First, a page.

This will ensure that tax deductions are not available for capital expenditure financed by limited recourse debt where the debtor is not fully at risk in relation to an amount of capital expenditure and does not make an economic loss.

This measure will have effect from 7:30pm on 8 May 2012.

Limited loss carry-back

As previously announced, in 2012-13, companies and entities that are taxed like companies will be able to carry-back up to $1 million worth of losses incurred in that year to get a refund against tax paid in 2011-12. From 2013-14 and later years, tax losses can be carried-back by eligible companies and offset against tax paid up to two years earlier. This measure may provide eligible companies with a cash benefit of up to $300,000 a year.

This measure will only apply to revenue losses, will be subject to integrity rules, and will be limited to a company's franking account balance.

Bad debt deductions to be denied in respect of related party financing

The Government has announced that a creditor will not be entitled to a tax deduction for a bad debt written off where the debtor is a related party not in the same tax consolidated group effective from 8 May 2012. Correspondingly, the gain made by the debtor will not be taxed.

This is to ensure a more consistent tax treatment for bad debts between related parties irrespective of whether they are members of a tax consolidated group.

Tax reform road map released

The Government has released a tax reform road map for the next ten years with a particular focus on reducing the complexity of the current tax system. In addition to some of the other measures announced as part of the Budget, some additional proposed tax reforms include (some of which were previously announced):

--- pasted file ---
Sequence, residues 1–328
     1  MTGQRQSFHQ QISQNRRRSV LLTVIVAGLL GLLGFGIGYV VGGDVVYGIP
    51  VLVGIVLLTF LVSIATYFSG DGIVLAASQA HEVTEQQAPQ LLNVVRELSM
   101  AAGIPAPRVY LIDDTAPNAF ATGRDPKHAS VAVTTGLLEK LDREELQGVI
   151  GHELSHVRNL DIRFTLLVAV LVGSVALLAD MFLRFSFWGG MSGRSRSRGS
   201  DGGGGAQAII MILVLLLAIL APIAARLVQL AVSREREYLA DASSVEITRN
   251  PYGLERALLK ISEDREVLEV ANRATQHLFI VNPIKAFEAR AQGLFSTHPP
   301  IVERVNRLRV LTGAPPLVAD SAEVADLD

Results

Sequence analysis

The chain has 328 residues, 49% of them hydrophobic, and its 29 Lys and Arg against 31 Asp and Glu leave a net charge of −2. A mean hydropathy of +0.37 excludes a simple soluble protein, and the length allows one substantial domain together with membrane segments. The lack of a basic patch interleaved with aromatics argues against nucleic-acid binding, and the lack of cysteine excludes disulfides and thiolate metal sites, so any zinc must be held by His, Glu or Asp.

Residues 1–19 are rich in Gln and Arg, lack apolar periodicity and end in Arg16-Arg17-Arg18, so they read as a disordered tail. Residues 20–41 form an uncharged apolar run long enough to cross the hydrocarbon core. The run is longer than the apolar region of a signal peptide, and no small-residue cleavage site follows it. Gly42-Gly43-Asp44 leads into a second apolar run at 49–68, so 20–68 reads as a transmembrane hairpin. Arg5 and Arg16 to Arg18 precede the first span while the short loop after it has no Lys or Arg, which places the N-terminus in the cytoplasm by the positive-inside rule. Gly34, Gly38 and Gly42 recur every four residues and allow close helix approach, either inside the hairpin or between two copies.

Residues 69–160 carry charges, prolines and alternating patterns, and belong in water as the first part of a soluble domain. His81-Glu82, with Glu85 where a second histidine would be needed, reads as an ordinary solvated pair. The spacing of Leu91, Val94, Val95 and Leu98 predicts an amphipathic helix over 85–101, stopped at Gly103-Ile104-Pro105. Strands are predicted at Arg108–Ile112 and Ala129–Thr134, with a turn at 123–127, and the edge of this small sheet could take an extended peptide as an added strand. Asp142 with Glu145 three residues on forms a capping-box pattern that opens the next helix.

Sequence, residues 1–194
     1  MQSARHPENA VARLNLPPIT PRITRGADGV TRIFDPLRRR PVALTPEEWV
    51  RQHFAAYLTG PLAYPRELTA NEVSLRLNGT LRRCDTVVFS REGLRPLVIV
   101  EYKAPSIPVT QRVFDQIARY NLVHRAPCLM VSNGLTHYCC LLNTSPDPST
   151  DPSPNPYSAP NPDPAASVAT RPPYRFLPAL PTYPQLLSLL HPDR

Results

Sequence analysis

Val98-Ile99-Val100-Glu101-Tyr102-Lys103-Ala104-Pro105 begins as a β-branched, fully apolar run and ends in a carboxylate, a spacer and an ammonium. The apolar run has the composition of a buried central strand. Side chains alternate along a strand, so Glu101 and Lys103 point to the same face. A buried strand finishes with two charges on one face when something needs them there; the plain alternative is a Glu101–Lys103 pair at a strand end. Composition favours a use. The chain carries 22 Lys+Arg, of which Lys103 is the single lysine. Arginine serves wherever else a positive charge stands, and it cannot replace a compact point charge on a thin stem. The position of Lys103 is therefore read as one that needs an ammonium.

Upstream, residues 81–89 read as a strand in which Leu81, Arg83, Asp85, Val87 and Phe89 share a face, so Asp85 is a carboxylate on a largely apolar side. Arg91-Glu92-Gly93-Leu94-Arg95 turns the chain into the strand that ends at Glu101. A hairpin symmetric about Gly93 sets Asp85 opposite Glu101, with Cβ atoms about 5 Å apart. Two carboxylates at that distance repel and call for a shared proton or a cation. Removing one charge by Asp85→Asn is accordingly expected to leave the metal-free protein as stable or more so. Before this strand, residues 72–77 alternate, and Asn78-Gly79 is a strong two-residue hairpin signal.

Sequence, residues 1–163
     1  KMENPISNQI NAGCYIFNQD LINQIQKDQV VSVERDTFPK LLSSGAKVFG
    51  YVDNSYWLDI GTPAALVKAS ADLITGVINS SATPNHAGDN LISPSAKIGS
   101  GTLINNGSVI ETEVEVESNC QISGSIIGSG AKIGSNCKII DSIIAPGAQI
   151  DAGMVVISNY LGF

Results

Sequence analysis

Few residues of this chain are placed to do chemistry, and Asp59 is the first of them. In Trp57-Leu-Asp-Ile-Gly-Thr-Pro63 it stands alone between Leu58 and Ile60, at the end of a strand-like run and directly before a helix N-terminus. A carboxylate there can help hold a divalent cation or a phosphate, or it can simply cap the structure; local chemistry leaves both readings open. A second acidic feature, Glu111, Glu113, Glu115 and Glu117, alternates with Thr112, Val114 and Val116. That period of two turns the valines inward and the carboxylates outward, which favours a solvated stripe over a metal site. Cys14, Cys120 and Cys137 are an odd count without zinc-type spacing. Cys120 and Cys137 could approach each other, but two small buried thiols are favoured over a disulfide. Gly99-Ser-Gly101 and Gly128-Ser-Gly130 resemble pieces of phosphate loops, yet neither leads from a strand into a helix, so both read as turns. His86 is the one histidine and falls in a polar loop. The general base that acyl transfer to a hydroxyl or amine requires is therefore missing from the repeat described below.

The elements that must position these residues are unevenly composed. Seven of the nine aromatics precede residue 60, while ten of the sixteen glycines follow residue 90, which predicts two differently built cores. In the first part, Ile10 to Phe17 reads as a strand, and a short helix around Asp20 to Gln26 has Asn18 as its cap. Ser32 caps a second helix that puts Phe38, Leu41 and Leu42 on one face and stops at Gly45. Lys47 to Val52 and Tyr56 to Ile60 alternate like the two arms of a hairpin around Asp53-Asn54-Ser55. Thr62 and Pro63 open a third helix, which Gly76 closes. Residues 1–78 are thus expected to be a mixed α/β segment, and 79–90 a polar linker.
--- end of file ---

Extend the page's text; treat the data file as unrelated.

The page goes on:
• reducing disincentives for business to invest in long term infrastructure projects of national significance, by introducing an uplift allowance so that the value of tax losses is preserved over time and exempt such tax losses from the continuity of ownership test and same business test;
  • phasing down interest withholding tax paid by financial institutions over time to potentially nil, to improve competition in the domestic banking sector. In particular, reducing the rate of withholding for foreign bank branches which borrow from their overseas head office to 2.5% in 2014-15 and to zero in 2015-16, and for other financial institutions which borrow from offshore retail deposits, down to 7.5% in 2014-15 and to 5% in 2015-16;
  • increasing the tax-free threshold to potentially $21,000; and
  • consideration of cuts to the company tax rate.

Other measures

In addition to the highlights above, a range of other measures have been introduced.  Those measures cover personal tax, business tax, and superannuation. Further details are included in the Budget papers.